In my experience, you are lightyears ahead of the game by using a good mid-drive such as the BBS02. The single most important component of any Ebike is the battery, and you've got a fine one, 48V is no slouch, and since you have the GA cells, you have another few amp hours to play with!

                    There is no free lunch, there is a cycle of designing a bicycle for your use, where you are the only one who will know "what works" and goes something like this:

                    To go faster or further you need a larger battery, but larger batteries weight more, etc.

                    IF you like to pedal a lot, and will be helping the motor with 50%+ of the power needed, you might just get a second battery like the one you have to swap in and be just fine.

                    IF you need to use the motor more, then your range is going to be ALOT more limited, and honestly, having a second battery rather than having a complicated and heavy solar array is much MUCH more efficient.

                    Big batteries take longer to charge!

                    The best thing is to have one battery that full-fills your needs, however, until you do some test rides, you don't know where that battery capacity (need) is exactly, and all the factors of your weight, how much you pedal, how much you carry and what conditions you ride in (cold weather around 40F and lower or above 90F will limit your battery capacity somewhat, the more over these limits, the more dramatic the effect.)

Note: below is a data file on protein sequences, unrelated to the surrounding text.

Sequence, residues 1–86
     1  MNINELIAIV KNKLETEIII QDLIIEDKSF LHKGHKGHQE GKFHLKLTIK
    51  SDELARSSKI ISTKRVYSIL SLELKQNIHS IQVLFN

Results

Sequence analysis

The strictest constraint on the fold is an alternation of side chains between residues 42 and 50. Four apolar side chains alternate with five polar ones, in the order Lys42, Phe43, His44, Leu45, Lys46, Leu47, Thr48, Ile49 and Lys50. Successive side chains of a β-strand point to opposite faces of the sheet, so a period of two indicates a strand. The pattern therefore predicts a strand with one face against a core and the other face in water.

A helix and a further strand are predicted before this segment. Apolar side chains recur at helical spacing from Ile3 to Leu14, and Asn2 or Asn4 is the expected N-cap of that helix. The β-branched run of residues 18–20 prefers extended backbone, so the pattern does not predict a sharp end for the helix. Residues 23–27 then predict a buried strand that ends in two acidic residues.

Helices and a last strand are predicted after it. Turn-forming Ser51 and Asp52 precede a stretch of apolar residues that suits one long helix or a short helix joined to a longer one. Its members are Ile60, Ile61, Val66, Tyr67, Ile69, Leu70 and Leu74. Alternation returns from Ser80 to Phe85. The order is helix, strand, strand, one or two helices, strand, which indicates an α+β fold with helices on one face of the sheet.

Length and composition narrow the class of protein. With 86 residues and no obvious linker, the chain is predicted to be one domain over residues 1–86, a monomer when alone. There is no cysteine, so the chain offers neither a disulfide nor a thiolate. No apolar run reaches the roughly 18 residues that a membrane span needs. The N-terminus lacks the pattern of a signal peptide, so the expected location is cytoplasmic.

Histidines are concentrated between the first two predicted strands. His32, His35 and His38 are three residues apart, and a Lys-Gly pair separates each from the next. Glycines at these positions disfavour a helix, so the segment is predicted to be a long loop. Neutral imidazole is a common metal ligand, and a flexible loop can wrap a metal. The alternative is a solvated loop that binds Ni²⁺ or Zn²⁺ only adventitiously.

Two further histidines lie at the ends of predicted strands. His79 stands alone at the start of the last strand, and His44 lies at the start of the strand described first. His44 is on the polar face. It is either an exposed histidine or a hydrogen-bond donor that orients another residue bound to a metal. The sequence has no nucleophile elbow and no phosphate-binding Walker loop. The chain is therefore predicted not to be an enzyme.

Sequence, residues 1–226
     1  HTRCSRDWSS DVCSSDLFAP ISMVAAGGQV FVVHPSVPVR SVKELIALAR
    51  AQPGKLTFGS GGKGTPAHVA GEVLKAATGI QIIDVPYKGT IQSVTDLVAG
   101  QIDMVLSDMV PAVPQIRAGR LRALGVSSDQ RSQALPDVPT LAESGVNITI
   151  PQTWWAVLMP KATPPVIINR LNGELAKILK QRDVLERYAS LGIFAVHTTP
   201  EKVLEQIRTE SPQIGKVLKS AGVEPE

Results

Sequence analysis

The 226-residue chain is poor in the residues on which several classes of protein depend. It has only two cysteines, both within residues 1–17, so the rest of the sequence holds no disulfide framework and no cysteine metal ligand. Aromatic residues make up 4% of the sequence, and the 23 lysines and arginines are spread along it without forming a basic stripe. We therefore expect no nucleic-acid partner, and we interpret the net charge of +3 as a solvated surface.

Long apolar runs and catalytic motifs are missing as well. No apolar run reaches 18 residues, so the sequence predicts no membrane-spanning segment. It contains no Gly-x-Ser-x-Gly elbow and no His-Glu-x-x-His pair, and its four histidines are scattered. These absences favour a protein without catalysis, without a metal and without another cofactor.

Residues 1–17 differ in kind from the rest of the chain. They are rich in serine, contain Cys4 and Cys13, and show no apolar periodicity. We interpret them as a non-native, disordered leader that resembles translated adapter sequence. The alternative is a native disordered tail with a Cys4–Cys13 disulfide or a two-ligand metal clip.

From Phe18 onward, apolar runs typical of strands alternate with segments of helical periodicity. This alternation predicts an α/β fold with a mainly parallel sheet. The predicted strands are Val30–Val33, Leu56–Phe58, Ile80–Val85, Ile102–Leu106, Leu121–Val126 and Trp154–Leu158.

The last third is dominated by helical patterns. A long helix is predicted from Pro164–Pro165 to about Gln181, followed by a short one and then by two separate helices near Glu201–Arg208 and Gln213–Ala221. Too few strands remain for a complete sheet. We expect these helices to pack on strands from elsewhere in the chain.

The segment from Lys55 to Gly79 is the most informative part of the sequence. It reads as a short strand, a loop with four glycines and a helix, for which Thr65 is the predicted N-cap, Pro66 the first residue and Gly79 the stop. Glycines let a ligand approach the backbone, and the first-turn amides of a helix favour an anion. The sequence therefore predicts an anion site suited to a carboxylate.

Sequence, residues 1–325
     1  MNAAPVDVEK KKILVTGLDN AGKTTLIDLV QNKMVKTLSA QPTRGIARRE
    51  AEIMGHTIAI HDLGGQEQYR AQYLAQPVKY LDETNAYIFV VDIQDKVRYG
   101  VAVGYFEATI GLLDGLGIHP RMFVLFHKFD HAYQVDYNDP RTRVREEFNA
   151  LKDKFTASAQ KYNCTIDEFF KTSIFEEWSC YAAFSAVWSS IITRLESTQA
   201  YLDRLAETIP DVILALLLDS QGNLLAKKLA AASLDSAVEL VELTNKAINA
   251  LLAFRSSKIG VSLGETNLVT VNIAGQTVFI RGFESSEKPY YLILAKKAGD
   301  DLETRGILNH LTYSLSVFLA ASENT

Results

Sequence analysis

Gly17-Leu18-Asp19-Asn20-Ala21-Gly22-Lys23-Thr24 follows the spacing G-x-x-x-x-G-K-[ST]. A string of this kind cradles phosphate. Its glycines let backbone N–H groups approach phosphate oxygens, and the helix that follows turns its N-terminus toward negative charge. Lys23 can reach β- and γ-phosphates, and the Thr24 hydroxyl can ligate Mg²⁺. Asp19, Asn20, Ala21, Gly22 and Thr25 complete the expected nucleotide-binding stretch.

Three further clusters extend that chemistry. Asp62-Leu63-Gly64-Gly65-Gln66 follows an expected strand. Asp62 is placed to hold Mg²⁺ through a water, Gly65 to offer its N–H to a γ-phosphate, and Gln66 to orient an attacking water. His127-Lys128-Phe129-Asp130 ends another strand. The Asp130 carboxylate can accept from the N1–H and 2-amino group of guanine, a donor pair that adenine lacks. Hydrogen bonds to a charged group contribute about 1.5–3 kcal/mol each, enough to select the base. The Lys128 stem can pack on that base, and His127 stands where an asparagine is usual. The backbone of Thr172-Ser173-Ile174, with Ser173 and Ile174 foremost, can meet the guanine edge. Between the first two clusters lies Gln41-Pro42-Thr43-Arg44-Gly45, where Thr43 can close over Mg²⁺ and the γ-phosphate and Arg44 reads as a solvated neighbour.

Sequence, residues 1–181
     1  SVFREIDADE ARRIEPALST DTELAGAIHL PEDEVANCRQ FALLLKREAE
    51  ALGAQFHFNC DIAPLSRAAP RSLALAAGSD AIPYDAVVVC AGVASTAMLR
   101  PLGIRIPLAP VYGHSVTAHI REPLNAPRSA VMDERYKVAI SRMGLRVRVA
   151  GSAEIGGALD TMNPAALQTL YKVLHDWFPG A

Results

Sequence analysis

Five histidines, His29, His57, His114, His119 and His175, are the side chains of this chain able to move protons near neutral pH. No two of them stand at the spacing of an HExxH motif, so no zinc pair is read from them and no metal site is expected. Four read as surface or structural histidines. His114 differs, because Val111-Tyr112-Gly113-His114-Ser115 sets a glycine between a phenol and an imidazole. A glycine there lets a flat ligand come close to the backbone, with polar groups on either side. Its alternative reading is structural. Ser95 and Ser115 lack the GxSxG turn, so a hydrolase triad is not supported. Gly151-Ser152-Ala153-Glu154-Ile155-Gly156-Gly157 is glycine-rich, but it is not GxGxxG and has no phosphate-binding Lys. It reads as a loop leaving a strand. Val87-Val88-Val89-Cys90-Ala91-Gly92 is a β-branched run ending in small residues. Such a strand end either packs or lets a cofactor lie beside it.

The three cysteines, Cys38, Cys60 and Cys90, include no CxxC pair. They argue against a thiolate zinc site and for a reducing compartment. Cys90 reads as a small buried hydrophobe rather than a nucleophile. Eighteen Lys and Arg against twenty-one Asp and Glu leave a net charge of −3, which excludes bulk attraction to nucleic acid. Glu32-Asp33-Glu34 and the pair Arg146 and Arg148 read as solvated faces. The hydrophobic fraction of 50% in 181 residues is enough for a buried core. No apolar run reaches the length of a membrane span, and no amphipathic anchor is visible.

Load up your bike, go on a short trip that will be close to the conditions that you expect on your trip, and when you have gotten to approximately 50% of battery (you can calculate this off the voltage chart Luna has for your battery, not super accurate, but close enough unless you really want to "geek-out" with a fancy meter such as the Cycle Analyst or CA) and then return.

                    I LOVE to pedal as much as I can, and I use my BBS02 to simply extend my range. However, I have it to get me where I need to go if/when my Chronic Fatigue saps my strength to the point that I wouldn't be able to pedal my way home, and will need the motor to do 90% of the work if not more.